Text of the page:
Exelixis, Inc. (NASDAQ: EXEL) has already delivered big gains this year, but there could be a few untapped veins in this biotech gold mine. We'll need to tread lightly because a great deal of success is already baked into the price, but a few catalysts on the horizon could send this stock soaring again in 2018.
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In a nutshell, there's a good chance the number of patients eligible to receive this company's pricey cancer drugs could rise several fold. Here's a closer look at a few key factors that could dislodge some shiny nuggets in the years ahead.
Exelixis' lead drug, Cabometyx, is currently limited to certain patients with kidney and thyroid cancer, and Exelixis needs to expand the drug's addressable patient population if its stock is to rise from present levels. The company is fortunate to have promising data from the Celestial trial that ought to persuade the FDA to expand its indication to include a large group of liver cancer patients with a dearth of effective treatment options.
The drug significantly improved survival odds among patients with advanced-stage hepatocellular carcinoma (HCC), the most common form of liver cancer, in a pivotal trial earlier this fall. Exelixis intends to submit an application to the FDA that would expand the Cabometyx drug label to include advanced-stage HCC patients in the first quarter of 2018. Given the results in hand, an approval seems likely.
While some liver cancer sales are already baked into Exelixis' $7.7 billion market cap, the population is large and underserved. Liver cancer is expected to claim the lives of around 29,000 Americans this year, and an estimated 700,000 worldwide.
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To the front of the line
Freshly diagnosed cancer patients tend to stay on their first therapy longer than on subsequent treatments. This is why Exelixis investors should be just as excited about Cabometyx's potential move to the front of the kidney cancer treatment line as they are about its chance to become a new HCC option.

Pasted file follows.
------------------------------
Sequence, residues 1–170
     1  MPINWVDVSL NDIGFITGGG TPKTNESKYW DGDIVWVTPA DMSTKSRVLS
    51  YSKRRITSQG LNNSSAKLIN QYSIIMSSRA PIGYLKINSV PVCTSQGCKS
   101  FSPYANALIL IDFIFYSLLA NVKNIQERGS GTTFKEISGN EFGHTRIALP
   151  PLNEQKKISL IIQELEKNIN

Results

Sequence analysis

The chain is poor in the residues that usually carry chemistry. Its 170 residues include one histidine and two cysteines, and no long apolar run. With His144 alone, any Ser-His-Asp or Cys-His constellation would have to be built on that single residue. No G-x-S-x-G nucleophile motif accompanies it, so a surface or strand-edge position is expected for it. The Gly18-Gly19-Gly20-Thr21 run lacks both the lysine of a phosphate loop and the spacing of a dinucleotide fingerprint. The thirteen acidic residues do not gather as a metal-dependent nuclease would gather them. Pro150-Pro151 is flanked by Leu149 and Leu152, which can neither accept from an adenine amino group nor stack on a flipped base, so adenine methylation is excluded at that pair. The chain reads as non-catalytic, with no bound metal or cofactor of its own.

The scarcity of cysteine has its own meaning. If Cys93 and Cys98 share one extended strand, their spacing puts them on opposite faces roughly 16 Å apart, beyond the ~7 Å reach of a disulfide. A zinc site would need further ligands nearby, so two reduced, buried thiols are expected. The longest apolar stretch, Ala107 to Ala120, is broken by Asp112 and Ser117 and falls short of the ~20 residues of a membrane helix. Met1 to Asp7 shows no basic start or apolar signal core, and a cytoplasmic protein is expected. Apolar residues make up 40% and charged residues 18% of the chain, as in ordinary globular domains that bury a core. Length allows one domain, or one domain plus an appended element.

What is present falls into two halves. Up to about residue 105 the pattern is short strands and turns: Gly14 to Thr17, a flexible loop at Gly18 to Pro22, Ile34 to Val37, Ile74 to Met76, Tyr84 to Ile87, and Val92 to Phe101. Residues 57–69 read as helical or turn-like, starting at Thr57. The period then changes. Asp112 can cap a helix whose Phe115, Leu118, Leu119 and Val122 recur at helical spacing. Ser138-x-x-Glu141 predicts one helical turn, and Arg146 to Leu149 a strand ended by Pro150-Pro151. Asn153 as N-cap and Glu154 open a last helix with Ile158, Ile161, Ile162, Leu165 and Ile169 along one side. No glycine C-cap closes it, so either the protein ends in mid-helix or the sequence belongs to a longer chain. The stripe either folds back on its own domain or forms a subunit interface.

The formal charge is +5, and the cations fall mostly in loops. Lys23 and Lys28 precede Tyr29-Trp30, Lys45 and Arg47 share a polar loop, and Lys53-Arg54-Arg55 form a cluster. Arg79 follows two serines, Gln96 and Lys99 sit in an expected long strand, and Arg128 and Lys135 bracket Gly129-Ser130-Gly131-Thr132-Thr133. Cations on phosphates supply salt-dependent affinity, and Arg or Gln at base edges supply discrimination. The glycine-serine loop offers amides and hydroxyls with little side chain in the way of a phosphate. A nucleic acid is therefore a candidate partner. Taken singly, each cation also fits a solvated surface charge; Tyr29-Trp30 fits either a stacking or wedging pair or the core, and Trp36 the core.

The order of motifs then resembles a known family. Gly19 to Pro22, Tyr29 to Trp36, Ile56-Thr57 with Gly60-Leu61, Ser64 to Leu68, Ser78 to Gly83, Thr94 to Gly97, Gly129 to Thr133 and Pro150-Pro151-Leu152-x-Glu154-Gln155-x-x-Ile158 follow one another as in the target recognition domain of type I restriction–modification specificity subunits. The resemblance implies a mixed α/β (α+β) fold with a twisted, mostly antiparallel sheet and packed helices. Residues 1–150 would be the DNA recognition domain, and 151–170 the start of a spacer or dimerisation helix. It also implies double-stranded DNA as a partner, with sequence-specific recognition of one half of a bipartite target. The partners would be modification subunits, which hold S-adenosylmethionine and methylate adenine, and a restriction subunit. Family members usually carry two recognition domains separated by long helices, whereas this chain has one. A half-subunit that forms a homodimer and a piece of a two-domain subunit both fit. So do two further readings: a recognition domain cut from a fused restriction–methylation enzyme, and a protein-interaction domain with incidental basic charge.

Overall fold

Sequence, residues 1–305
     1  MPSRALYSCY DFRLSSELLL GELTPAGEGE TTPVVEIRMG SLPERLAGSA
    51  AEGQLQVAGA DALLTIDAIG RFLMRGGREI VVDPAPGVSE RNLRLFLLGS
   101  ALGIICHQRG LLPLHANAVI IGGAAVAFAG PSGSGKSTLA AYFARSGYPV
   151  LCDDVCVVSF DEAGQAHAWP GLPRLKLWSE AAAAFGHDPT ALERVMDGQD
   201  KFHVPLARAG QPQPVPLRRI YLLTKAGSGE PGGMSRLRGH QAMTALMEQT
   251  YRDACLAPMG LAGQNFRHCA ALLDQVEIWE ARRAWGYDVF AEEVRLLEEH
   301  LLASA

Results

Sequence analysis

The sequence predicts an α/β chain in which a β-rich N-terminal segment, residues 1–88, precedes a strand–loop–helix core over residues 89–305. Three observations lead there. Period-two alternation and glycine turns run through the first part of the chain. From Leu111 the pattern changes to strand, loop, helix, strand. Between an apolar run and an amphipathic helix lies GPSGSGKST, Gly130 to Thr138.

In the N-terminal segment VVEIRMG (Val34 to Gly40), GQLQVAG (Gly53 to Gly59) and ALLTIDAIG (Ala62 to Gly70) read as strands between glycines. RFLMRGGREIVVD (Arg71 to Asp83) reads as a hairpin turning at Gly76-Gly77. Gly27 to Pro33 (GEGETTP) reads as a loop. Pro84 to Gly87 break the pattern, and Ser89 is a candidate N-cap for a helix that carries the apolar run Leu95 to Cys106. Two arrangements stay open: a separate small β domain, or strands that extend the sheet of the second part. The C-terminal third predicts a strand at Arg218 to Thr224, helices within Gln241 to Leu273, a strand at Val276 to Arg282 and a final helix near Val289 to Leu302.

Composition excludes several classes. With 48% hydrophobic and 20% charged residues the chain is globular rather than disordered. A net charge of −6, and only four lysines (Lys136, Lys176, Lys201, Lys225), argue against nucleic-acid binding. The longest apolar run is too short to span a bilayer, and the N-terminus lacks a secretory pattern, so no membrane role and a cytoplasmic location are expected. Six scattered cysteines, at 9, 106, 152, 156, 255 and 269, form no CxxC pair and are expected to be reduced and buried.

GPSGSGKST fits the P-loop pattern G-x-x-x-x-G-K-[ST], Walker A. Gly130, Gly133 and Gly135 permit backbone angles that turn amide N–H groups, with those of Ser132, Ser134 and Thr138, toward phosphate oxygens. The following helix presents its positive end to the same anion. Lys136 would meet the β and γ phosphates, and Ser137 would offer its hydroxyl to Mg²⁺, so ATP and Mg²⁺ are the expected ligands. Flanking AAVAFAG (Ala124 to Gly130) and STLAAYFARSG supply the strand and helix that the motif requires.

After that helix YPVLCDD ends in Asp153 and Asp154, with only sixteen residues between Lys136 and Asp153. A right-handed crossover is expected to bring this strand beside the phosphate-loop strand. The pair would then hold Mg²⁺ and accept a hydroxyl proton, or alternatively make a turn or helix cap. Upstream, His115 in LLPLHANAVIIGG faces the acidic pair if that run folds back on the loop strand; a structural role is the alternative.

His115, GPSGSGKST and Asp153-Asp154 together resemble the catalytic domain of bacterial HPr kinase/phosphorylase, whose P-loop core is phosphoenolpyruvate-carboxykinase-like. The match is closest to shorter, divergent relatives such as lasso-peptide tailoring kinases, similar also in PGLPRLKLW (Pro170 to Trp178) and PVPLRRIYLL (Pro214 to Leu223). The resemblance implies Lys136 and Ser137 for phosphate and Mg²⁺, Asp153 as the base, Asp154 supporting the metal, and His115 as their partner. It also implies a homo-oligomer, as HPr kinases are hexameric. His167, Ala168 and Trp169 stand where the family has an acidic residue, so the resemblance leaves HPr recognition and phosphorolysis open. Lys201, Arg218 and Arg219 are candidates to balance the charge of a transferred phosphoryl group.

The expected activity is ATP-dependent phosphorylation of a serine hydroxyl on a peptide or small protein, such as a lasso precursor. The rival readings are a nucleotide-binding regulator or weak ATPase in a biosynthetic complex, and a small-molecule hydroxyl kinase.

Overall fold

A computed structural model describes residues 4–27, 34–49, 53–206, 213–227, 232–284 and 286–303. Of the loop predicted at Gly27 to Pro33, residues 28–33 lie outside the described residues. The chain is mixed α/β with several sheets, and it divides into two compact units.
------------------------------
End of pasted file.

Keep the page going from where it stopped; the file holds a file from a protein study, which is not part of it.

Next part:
Right now, Cabometyx is approved for kidney cancer patients who have already been treated with a specific class of drug that attempts to starve tumors of their blood supply. Pfizer's Sutent currently holds the first-line position, but perhaps not for much longer.
Cabometyx lowered newly diagnosed patients' risk of death or worsening disease by 52% compared with today's standard first-line treatment. With data this good, it looks as if we can reasonably expect an approval decision on or before the FDA's stated action date of Feb. 15.
A second chance for Cotellic
With all the buzz around Cabometyx, it's easy to forget Exelixis has a second commercial-stage drug. In 2015, Cotellic earned FDA approval to treat a genetically defined group of melanoma patients in combination with Roche's (NASDAQOTH: RHHBY) Zelboraf.
Cotellic royalties from the Swiss drugmaker reached just $5 million in the first nine months of 2017, but a recent legal settlement could allow Exelixis to revitalize the drug's launch. In a nutshell, it seems Exelixis has the legal clarification it needed to pursue label expansions for Cotellic on its own or in combination with other drugs.
One of the first new combinations for Cotellic could come from Roche again. Exelixis' partner is conducting three late-stage trials with Cotellic in combination with its immunotherapy, Tecentriq. Investors will want to keep their eyes open for results due around the middle of 2018.
Putting it together
Exelixis reported a tremendous 126% rise in third-quarter product sales to an annualized run rate of $386 million. That's nothing to sneeze at, but it's hardly enough to support the stock's recent $7.7 billion market cap without a ton of growth in the quarters ahead. That means Exelixis will probably need a lot more than FDA approvals to persuade the market to lift its stock price much further.
Although Cotellic might not have blockbuster potential, a successful label expansion, possibly as part of a new combination therapy, could boost high-margin royalty revenue received from Roche above $200 million in the years ahead. That's small potatoes next to peak contributions expected from Cabometyx. If the tablets become standard treatments for the liver and kidney cancer indications they're currently aimed at, I think annual sales of the drug could pass $3 billion by 2022.
A lot can go wrong between now and then, but it looks as if Exelixis has everything it needs to become a gold mine for patient growth investors.
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